In the mid-1970s, Robin Crutchfield moved to New York to participate in the growing conceptual and performance art movement. After several performances in galleries and alternative spaces which received critical acclaim, he broke away from the scene to pursue music. In 1979, after having formed the infamous no wave band DNA with Arto Lindsay and Ikue Mori, and recorded a single for Lust/Unlust and four tracks for the Eno-produced “No New York” album, and having gigged with DNA for nearly a year, Robin determined the band was moving in a direction counter to his own interests and left to form his own project, Dark Day.
With the aid of Nancy Arlen (Mars) and Nina Canal (The Gynecologists and Ut), he released an initial single “Hands In The Dark” b/w “Invisible Man” on Lust/Unlust, Charles Ball’s fledgling label which had already released the historic debut recordings of Lydia Lunch’s groundbreaking Teenage Jesus & The Jerks, as well as the aforementioned DNA single.
Dark Day’s first album “Exterminating Angel” followed in 1980. The band consisted of Robin, Phil Kline, and Barry Friar, but the lineup remained fluid, and at various times included Steven Brown and Peter Principle of Tuxedomoon, filmmaker Jim Jarmusch, Nina Canal and David Rosenbloom. The album’s release was followed with a promotional 12 inch “Trapped” whose b-side “The Exterminations 1-6″, six hyper-reverse mixes, remains Robin’s favorite of his early work. During this time Dark Day played live concerts in New York City at The Mudd Club, TR3, CBGB’s, Max’s Kansas City, Hurrah’s, and Trax as well as M-80, the New No Now Wave Festival in Minneapolis. A mini-tour of Europe included gigs at Leuven, Rotterdam, and Amsterdam.
After a brief shift in aesthetics, Robin reformed Dark Day as a synthetic keyboard duo with Bill Sack and recorded a second album “Window” on Plexus Records.
In the early to mid-1980′s, he wrote and published several short novelettes and did art performance readings at performance spaces like Club 57 and Joseph Papp’s Public Theater.
In 1985 he resumed Dark Day as a more or less medieval acoustic chamber ensemble composing music similar to Moondog, Penguin Cafe Orchestra and Dead Can Dance. This incarnation of the band consisted of Robin on pipe organ, Brian Bendlin on rattles, bells, and drums, Steven Cheslik-DeMeyer on cello, Shawn McQuate on recorder, and Bill Sack on hauntingly atmospheric ‘spirit guitars’. With this lineup he released a limited edition CD, “Darkest Before Dawn” in 1989.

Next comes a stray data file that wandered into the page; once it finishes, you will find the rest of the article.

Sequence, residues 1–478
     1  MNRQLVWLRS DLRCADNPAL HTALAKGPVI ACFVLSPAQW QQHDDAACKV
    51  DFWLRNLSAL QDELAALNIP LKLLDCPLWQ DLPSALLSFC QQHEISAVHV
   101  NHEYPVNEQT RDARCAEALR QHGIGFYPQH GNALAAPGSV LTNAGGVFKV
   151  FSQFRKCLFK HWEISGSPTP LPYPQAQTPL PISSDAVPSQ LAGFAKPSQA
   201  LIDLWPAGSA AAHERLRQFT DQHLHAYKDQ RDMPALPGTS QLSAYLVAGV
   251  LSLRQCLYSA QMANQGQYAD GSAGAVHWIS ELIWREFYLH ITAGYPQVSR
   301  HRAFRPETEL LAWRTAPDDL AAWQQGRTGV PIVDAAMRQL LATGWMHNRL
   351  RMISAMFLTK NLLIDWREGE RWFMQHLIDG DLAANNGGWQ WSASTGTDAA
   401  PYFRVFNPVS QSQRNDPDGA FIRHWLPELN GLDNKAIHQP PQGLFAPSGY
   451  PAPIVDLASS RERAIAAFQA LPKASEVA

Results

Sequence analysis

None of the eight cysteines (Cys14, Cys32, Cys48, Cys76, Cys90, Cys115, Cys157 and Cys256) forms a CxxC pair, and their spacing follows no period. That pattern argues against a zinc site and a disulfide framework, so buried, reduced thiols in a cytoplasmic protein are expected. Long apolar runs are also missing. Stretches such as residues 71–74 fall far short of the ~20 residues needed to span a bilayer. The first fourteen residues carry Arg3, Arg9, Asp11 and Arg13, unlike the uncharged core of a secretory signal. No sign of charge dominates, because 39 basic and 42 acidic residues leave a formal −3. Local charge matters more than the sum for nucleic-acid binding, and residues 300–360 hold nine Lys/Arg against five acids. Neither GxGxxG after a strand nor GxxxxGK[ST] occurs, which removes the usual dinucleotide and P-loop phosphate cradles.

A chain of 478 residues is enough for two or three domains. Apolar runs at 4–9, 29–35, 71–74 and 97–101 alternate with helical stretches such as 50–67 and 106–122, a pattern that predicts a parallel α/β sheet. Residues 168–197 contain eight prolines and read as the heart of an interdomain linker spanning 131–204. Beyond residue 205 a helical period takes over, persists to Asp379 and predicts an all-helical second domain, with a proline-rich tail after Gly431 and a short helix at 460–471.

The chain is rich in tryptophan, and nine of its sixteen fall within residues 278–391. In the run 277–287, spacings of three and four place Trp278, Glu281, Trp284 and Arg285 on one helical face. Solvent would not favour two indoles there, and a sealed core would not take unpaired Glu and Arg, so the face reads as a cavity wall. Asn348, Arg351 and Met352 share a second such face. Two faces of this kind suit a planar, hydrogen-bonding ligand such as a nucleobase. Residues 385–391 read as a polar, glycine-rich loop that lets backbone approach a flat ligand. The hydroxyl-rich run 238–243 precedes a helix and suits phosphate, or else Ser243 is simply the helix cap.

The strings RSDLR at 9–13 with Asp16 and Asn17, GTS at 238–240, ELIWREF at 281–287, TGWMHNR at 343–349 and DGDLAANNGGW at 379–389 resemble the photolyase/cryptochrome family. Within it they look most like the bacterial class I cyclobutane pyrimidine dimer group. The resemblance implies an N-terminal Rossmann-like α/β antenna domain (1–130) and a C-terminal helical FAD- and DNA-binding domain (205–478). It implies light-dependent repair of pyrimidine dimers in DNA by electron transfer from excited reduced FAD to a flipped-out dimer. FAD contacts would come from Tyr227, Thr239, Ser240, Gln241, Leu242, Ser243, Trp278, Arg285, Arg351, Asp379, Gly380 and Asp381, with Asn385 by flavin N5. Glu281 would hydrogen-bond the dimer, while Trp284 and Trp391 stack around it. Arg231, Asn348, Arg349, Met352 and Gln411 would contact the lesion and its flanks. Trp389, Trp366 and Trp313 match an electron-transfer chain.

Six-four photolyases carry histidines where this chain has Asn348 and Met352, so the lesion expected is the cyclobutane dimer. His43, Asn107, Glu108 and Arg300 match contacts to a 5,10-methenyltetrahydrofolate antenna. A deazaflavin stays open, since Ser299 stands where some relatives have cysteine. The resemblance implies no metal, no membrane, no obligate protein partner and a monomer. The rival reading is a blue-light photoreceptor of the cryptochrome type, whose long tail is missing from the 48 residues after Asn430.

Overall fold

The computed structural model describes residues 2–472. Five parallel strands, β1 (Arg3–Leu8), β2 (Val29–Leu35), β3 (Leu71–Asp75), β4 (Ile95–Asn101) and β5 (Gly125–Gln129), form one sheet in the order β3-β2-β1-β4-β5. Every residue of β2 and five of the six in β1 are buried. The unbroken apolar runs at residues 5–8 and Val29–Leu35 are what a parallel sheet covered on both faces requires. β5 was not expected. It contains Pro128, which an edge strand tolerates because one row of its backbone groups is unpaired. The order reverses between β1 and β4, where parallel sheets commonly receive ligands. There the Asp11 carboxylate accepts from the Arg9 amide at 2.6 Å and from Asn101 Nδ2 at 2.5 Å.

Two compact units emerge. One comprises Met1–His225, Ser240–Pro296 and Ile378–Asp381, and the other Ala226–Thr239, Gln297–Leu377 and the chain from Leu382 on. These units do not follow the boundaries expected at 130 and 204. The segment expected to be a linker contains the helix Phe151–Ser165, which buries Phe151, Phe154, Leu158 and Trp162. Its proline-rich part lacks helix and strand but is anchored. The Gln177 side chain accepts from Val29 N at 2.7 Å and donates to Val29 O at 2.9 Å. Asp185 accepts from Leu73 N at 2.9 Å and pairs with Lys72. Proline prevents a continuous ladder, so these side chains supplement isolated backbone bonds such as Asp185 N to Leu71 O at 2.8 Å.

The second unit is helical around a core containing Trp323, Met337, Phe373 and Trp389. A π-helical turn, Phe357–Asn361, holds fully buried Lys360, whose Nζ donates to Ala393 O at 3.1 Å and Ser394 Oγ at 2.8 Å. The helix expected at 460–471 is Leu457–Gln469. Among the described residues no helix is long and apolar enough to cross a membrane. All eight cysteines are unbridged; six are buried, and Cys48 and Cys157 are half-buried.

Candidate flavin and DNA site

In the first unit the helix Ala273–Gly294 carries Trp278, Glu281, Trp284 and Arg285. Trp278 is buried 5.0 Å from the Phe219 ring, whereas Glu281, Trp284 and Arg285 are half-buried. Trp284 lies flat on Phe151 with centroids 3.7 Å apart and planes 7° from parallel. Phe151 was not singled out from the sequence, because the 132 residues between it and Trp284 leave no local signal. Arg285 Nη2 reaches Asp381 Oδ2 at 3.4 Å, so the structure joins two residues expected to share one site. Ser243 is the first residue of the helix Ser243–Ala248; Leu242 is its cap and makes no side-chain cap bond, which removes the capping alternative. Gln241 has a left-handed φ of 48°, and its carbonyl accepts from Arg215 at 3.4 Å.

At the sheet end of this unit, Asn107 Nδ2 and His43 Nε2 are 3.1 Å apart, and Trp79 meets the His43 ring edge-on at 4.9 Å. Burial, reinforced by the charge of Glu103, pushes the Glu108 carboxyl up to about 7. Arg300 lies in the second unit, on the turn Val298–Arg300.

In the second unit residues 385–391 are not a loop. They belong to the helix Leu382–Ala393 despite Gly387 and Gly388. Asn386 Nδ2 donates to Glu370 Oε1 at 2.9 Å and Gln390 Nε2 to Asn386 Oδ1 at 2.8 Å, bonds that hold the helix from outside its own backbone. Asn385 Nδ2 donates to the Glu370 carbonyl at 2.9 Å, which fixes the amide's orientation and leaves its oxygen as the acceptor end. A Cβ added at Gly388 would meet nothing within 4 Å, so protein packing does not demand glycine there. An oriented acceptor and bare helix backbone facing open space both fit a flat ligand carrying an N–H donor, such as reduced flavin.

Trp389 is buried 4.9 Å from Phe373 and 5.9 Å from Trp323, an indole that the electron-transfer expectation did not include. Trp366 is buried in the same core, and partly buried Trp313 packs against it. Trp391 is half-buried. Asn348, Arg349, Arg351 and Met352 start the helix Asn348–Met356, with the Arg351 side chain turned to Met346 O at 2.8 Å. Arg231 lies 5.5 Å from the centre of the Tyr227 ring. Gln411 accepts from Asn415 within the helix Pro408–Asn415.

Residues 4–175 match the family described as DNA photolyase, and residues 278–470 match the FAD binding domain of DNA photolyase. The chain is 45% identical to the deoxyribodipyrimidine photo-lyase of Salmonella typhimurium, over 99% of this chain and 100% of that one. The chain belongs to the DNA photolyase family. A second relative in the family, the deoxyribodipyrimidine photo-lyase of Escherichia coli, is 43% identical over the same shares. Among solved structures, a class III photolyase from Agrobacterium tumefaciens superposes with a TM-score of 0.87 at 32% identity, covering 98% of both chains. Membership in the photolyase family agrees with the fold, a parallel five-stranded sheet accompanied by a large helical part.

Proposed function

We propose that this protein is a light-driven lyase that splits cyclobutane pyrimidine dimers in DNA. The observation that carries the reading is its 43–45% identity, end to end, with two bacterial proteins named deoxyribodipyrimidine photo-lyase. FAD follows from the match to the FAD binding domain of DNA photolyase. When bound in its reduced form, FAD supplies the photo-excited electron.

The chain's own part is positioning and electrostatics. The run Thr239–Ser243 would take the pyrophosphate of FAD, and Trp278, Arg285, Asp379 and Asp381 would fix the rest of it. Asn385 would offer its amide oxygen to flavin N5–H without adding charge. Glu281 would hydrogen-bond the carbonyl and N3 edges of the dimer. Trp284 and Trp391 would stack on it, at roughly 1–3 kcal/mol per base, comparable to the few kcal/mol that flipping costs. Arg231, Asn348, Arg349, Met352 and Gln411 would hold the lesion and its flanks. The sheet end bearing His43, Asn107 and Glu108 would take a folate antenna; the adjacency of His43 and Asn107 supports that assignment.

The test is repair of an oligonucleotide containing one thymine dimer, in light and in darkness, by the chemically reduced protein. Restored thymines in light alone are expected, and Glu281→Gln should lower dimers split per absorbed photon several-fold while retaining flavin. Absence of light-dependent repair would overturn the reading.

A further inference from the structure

In 1997, Dirk Ivens of Belgian label Daft Records contacted Robin to release a compilation CD of the best tracks from the early Lust/Unlust and Plexus years entitled “Dark Day: Collected 1979-1982″. Following its release, Robin went back into the studio to take up recording again. A new album of oddly rhythmic, cyclical instrumental works featuring a variety of unusual MIDI voices, was released in the fall of 1999, and was appropriately entitled, “Dark Day-Strange Clockwork”, and led to two others “Loon” and “The Happy Little Oysters”. Approach to the new work was like that of a railway conductor ticket-punching a computer-driven player piano, supplying gear-like layers of melody and rhythm with a comically sinister edge. Several years later, a 72-minute 20 track CD compilation of the best songs from these 3 discs was released under the title “r.l.crutchfield’s Dark Day-”Strange Clockwork”.
In the Spring of 2000, quirky docu-director Errol Morris contacted Robin and used two Dark Day pieces for an episode of his Bravo TV series “First Person”. He self-published a number of faerie tales and exhibited his newly written and illustrated books in a gallery show curated by Norman Shapiro at the Leslie-Lohman Gay Art Foundation entitled Verbal/Visual/Tactile: Book Artist’s Show. In 2006 Robin retreated from the cyclic electronic keyboard influences of the 20th century, to embrace acoustic material more in keeping with the ancient musics, and released two solo albums, “Songs For Faerie Folk”, and “Toadstool Soup. These feature daydreamlike improvisations on harp, tanpura, lyre, box drum and pixiefone based on some of the thematic elements suggested by faerie lore and the distant past. In 2007, he released “For Our Friends In The Enchanted Otherworld.” This was followed by an album in the same vein, “The Hidden Folk”, in 2009 on the Important Records label. Robin Crutchfield continues to happily explore and provide acoustic glissando and drone harp soundscapes for the daydreamers of the world.
ROBIN CRUTCHFIELD MAY BE CONTACTED AT firstname.lastname@example.org